A paradigm shift is a point where the entire culture goes through a pivot, and all that was once certain becomes uncertain. A point that calls into question every level of life, from the economic sphere to the political sphere, from the ecological sphere to the personal sphere. We asked: how should we ‘be’ in days like these? What does a ‘good life’ mean? What does ‘virtue’, mean in days like these?

Suzi rails against Trump and all that he represents. The actions of his Administration are volatile and unpredictable, at times even contradictory and self-defeating. They have the common thread of sowing chaos at every turn. They seem to echo the much-reported views of Trump’s Chief Strategist, Steve Bannon, who embraces disruption and the threat of war. (He may have been demoted, but his presence surely remains.)

We discuss how the chaos in the political realm echoes the chaos in the realm of the climate. The ever-escalating reports of climatic change, from Arctic ice melt to East African famine and floods in Chile, illustrate that the weather systems are out of balance. We know that this energetic unpredictability is the product of the atmosphere being supercharged by carbon dioxide emissions. The more fossil fuels burnt, the greater the climate chaos. Yet these fossil fuels are the foundation of the current economy, the current order of industrial society. This contradiction brings to mind the line by the ruthless French revolutionary, Saint-Just:

‘The present order is the disorder of the future’.

Suzi and I speculate that perhaps the current chaos could be seen as a midwife to something new? That out of the social and political turmoil, maybe a new balance will arise? Indeed if the old balance, the order in which we’ve lived our lives, has created the chaos in the climate, then maybe the only chance of finding a way of being that ceases to destroy the atmosphere is to go through this current turmoil?

The thought of recognising the necessity of the political chaos, of embracing it, can fill us with anxiety. But does it make us any less anxious than remaining on board a ship that is being steadily broken up by the storm?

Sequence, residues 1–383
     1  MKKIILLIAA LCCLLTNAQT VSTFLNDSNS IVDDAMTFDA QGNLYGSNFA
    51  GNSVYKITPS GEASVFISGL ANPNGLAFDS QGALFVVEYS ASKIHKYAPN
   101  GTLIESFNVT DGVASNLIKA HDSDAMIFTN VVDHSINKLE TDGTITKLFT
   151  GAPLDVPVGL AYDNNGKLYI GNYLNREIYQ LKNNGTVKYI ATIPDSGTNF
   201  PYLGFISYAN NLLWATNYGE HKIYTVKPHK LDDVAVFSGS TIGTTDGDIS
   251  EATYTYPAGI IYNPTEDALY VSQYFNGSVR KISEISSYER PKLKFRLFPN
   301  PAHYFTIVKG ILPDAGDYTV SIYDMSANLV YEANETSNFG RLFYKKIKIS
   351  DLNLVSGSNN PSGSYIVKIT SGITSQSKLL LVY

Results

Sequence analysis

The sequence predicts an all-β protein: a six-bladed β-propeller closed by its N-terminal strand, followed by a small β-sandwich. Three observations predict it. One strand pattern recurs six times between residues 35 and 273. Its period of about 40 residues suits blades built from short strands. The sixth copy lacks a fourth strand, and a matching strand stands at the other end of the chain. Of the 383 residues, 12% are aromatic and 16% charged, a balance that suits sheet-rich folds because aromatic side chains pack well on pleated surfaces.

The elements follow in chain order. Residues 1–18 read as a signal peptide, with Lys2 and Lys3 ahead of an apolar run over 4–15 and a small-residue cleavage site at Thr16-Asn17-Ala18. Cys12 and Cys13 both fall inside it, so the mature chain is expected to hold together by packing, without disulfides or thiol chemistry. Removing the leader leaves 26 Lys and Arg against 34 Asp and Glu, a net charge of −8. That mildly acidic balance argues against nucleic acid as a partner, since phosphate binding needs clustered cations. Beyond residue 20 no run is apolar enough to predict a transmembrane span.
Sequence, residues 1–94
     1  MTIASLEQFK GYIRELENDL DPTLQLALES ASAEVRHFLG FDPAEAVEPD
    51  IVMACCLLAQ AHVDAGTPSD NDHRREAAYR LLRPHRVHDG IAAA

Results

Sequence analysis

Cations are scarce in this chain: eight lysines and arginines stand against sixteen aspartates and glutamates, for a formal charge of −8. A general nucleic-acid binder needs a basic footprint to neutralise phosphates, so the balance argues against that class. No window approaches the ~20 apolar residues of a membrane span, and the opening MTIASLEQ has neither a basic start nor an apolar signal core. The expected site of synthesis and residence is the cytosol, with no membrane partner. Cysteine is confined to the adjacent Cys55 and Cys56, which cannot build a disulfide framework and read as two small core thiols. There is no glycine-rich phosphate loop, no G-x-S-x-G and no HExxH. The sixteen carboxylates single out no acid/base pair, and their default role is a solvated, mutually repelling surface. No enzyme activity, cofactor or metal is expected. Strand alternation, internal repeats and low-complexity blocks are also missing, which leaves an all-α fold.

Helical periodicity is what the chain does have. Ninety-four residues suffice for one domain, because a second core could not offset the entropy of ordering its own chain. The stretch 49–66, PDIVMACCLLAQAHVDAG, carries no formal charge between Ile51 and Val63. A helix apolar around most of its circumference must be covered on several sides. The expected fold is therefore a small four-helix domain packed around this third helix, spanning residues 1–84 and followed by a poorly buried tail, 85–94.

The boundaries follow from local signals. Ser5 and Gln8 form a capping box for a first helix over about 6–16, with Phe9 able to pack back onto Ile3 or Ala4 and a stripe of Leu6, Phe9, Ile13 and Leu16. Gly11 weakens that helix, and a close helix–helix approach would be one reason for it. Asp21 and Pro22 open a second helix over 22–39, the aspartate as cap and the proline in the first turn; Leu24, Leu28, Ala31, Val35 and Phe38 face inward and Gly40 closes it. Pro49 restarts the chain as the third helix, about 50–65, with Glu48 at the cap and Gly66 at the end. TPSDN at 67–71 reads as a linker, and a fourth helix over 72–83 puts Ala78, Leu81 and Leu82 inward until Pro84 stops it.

Andrew Breitbart, Stephen Bannon’s collaborator in right-wing tabloid journalism and the founder of Breitbart News, summed up his position in his 2011 memoir: “The Left wins because it controls the narrative. The narrative is controlled by the media… I am at war to gain back control of the American narrative”.

His lines stand out as a concise summary of the intentions of much of the US Right. They are at war, and they have been so for a long time. Some say it started under the Reagan Administration, some under Clinton, some after 9/11, some under Obama, but nowhere is there any doubt that it is happening. Time and again, as we sat talking, I was struck by the sense that the USA is in a civil war.

The battalions of police at Standing Rock

On the back of our conversations I found myself later heading towards a number of observations.

It seems that a curious aspect of this war is that until recently a whole sector of the public had been blind to the realisation that it too was the target of the Right-wing movement centered on ‘Guns, god and gynaecology’.  This largely falls out along race lines, the US’s oldest struggle, over which the official Civil War was ostensibly fought. From 2012, the Black Lives Matter[5] movement rose up to confront once more the enduring and deathly racism at the heart of the US body politic, at the time under President Obama. It seems that however outraged and active White allies have been, it was possible that some couldn’t imagine that the onslaught from the Right was being waged not just on Black and Brown ‘others’  but also upon them. The ‘Liberal press’ – The New Yorker, the New York Times, The Washington Post and others – seemed only truly to have understood that they too were ‘at war’ in the months leading up to the Presidential Election last November. After the election they awoke to find their house was being shelled. The guns of the Right were up on the ridge, positioned on the Washington heights, aiming at the Liberal centre ground.

The Right has also campaigned on the C Words[6] of ‘Carbon, climate and capital’. This too has been bound up with race.  For decades many in the dominantly White environmental movement responded by saying the forces who promote fossil fuels and attack climate science could be persuaded by rational dialogue, by data, and by expertise. So many of us have worked on the assumption that corporate executives and politicians could be argued out of their ways, that they would see that accepting the science was good for international politics, that there could be a seamless switch to solar and wind with a return on capital guaranteed.

One of of a number of adverts utilised in BP’s ‘Beyond Petroleum’ campaign in 2000